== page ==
- Legal discrimination complaint, ethics complaint filed in Scott City government (3/22/17)11
- Business notebook: Cape native goes from farm to mobile-food operation (3/20/17)1
- Mall aboard: Future requires evolution at West Park Mall (3/24/17)7
- Former Scott City administrator: 'I was forced to resign' (3/21/17)6
- Triplett manslaughter case set for July 2018 (3/21/17)2
- Former Southeast softball coach sues Board of Regents; seeks damages and her job back (3/23/17)11
- Two people found dead in Advance house fire (3/21/17)
- Two local lawmakers back charter school bill; Perryville lawmaker objects to measure (3/19/17)22
- Two Cape men charged with second-degree murder of Grandi (3/21/17)2
- Cairo man pleads guilty to bank murders (3/17/17)1
Disney 4Q profit in line, revenue misses forecast
LOS ANGELES -- The Walt Disney Co. said Thursday that its net income in the latest quarter rose 14 percent thanks to an uptick in revenue driven by higher consumer spending at its theme parks and on its cruise ships.
Results were announced a week after Disney said it would buy Lucasfilm Ltd. and revive the "Star Wars" franchise with a new trilogy starting in 2015.
Net income in the three months to Sept. 29 rose to $1.24 billion, or 68 cents per share, from $1.09 billion, or 58 cents per share, a year ago.
Adjusted earnings of 68 cents per share matched the expectations of analysts polled by FactSet.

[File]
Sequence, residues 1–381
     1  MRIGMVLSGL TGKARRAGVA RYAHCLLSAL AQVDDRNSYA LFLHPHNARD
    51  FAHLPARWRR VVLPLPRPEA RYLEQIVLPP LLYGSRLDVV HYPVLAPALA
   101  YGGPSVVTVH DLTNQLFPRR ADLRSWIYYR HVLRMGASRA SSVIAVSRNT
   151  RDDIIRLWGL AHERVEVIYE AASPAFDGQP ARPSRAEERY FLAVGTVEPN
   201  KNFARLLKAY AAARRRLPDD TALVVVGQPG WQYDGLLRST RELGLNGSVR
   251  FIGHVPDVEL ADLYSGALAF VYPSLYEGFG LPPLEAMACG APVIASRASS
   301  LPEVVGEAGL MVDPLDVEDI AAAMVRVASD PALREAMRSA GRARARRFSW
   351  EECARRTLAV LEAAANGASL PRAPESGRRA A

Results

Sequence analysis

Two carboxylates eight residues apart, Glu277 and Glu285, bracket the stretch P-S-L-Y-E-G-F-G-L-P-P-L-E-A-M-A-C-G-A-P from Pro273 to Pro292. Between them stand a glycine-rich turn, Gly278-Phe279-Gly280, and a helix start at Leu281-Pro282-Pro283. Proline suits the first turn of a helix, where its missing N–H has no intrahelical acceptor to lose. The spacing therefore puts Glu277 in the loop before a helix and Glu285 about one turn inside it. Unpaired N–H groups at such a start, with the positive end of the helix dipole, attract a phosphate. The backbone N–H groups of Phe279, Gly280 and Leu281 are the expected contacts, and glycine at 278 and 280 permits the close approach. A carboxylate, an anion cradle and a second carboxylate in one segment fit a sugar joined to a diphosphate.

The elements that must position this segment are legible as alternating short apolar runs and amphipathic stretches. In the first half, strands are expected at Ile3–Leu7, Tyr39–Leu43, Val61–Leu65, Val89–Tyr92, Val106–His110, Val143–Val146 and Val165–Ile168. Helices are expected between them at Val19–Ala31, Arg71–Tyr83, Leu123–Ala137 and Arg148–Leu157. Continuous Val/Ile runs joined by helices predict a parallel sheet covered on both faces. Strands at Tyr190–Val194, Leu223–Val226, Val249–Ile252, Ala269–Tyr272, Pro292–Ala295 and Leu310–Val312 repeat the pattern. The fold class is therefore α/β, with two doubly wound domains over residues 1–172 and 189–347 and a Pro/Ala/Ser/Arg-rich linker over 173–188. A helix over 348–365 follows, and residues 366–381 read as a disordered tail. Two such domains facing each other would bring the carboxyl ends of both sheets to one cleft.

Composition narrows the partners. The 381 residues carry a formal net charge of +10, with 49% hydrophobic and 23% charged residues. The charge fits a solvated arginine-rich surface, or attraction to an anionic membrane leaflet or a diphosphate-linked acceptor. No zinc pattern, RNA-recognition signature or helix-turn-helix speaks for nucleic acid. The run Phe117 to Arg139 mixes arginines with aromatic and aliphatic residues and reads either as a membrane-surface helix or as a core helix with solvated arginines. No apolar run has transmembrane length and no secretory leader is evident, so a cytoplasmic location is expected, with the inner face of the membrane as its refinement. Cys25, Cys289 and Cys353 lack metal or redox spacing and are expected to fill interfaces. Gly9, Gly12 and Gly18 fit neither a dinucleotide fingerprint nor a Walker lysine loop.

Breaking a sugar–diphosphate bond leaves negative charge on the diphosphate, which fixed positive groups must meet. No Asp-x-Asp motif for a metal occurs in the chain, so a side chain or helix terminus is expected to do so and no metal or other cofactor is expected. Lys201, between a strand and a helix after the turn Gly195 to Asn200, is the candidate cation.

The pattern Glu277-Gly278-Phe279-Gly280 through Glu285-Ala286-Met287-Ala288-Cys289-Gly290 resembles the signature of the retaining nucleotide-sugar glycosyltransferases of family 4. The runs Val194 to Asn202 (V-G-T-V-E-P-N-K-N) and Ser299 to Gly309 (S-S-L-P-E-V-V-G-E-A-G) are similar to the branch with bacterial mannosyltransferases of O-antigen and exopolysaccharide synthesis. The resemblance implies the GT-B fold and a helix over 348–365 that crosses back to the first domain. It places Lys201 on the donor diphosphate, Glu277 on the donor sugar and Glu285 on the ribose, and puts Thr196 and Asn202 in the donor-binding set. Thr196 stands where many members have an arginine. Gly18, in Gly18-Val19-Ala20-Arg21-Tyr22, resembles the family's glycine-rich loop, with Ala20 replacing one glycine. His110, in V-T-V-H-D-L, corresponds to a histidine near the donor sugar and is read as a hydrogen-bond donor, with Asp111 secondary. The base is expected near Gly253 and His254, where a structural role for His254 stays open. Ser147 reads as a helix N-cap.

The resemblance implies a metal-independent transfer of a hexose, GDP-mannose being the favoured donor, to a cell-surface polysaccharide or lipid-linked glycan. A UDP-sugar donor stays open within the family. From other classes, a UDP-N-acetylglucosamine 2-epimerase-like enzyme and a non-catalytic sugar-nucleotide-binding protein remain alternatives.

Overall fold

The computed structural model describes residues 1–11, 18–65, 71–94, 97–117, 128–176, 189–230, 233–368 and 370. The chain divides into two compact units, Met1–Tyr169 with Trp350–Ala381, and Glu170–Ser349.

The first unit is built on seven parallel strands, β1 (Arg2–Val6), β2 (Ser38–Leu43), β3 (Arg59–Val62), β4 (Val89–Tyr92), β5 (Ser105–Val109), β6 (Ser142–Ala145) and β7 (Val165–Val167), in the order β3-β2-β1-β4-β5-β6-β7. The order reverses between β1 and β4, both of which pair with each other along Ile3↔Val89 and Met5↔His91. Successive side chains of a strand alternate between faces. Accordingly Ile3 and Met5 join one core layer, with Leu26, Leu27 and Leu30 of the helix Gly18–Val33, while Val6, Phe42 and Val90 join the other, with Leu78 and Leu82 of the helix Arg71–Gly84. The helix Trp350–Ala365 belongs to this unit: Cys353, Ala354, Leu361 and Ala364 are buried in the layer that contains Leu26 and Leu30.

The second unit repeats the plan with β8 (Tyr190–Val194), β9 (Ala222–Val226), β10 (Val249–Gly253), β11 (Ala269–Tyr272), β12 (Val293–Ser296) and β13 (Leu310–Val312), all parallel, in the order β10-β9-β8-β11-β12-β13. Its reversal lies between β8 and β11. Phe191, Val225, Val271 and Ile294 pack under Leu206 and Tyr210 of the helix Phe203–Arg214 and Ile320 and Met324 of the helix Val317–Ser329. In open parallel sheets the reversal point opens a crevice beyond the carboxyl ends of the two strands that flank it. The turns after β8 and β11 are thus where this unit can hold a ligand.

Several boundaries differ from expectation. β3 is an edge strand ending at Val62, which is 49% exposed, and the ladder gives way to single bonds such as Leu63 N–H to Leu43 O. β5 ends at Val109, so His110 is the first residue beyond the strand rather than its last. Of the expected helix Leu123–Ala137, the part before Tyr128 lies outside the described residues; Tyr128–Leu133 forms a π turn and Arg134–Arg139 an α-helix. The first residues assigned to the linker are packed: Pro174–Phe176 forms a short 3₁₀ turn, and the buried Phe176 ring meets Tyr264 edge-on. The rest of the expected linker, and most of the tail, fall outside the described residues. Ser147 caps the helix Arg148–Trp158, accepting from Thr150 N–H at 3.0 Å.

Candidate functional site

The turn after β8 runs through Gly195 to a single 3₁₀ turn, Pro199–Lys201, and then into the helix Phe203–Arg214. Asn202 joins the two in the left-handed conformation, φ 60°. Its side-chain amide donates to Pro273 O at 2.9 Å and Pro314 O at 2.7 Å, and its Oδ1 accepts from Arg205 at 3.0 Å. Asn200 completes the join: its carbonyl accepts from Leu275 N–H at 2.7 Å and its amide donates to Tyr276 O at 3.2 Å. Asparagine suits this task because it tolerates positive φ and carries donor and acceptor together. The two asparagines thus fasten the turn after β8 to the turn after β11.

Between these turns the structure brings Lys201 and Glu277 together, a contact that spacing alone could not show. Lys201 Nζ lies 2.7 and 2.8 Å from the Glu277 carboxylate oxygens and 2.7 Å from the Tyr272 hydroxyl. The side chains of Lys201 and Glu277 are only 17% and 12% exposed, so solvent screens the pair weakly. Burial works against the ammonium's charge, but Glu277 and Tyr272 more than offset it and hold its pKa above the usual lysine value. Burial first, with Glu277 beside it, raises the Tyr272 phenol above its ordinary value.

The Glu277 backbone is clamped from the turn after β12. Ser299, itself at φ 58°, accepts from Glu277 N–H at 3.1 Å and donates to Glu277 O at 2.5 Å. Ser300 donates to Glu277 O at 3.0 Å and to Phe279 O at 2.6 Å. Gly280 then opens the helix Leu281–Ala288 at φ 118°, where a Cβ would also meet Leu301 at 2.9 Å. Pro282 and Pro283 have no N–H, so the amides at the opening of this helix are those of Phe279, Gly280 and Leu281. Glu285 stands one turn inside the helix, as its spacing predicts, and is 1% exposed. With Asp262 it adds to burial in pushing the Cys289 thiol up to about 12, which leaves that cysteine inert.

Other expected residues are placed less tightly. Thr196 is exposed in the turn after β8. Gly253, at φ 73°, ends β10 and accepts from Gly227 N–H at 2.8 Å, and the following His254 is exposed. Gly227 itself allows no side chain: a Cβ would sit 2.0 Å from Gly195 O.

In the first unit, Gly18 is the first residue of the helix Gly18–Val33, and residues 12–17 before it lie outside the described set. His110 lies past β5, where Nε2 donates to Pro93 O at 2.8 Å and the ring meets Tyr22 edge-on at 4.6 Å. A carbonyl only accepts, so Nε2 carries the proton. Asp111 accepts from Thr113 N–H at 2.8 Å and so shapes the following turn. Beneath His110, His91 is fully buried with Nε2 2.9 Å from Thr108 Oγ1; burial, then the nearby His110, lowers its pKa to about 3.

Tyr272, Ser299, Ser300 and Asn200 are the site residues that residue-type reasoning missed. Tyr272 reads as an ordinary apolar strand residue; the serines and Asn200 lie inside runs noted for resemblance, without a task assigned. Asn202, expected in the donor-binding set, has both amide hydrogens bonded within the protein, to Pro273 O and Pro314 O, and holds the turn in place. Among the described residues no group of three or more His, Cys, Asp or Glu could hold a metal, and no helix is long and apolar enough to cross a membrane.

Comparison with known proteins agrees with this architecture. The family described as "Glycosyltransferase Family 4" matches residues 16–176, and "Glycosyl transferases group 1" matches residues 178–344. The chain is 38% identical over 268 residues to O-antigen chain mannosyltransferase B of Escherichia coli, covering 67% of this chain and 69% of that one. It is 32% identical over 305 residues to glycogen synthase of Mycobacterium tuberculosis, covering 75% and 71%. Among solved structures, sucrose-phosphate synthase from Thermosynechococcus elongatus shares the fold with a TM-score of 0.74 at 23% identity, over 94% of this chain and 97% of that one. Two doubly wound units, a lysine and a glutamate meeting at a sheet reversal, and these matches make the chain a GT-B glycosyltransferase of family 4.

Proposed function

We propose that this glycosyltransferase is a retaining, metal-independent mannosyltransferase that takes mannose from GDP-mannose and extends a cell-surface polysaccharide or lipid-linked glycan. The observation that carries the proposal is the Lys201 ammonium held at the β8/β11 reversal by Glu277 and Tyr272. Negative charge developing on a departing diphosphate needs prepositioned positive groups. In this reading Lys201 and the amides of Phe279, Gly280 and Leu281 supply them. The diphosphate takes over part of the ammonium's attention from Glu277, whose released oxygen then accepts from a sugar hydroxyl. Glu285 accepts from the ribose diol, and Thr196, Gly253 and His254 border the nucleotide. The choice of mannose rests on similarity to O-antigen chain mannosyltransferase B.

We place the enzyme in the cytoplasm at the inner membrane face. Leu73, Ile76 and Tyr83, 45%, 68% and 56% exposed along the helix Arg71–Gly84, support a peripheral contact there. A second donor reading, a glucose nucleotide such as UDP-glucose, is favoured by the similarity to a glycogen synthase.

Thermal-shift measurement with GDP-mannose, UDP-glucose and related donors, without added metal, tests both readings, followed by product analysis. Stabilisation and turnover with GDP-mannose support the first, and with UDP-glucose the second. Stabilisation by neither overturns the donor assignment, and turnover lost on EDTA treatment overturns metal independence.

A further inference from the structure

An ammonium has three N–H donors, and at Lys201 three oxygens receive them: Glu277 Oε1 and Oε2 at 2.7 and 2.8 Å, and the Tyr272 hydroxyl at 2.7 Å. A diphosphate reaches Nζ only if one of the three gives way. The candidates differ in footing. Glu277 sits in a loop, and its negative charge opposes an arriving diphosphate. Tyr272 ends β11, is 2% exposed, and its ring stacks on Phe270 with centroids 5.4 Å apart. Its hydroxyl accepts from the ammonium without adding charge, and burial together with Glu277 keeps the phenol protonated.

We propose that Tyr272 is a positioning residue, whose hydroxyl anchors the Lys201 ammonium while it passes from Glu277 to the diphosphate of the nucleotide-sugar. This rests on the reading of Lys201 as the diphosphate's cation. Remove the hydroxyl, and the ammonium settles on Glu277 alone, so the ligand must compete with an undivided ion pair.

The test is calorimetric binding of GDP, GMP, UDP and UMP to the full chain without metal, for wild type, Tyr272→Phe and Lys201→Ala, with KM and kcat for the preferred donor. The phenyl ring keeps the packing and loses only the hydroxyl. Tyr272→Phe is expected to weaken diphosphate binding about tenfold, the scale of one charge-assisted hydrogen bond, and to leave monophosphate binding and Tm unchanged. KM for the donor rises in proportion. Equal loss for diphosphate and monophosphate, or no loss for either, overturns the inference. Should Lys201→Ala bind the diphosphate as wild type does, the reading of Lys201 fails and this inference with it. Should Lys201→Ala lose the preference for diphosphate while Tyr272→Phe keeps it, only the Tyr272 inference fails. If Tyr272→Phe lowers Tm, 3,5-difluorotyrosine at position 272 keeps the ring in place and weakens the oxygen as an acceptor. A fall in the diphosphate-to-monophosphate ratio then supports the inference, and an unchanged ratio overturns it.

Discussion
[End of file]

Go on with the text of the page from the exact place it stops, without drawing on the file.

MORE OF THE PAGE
Revenue rose 3 percent to $10.78 billion, slightly below the $10.93 billion analysts expected.
The parks and resorts division was helped by the launch of its newest cruise ship, the Disney Fantasy, in March, and the opening of a new section at Disney California Adventure called Cars Land in June.
Movie studio revenue fell as "Brave" failed to perform as well as "Cars 2" a year ago. Revenue at the company's pay TV and broadcast networks grew a modest 2 percent. Smaller audiences and lower ad revenue at ABC slowed the company's momentum. At the same time, ESPN gained more in fees from distributors but saw flat ad revenue as viewers and advertisers turned their attention toward the Olympics on NBC.
The company said losses grew at Hulu, the online video service it owns jointly with News Corp. and Comcast Corp., due to higher programming and marketing costs.
Disney's stock fell $1.04, or 2 percent, to $49 in after-hours trading following the earnings release.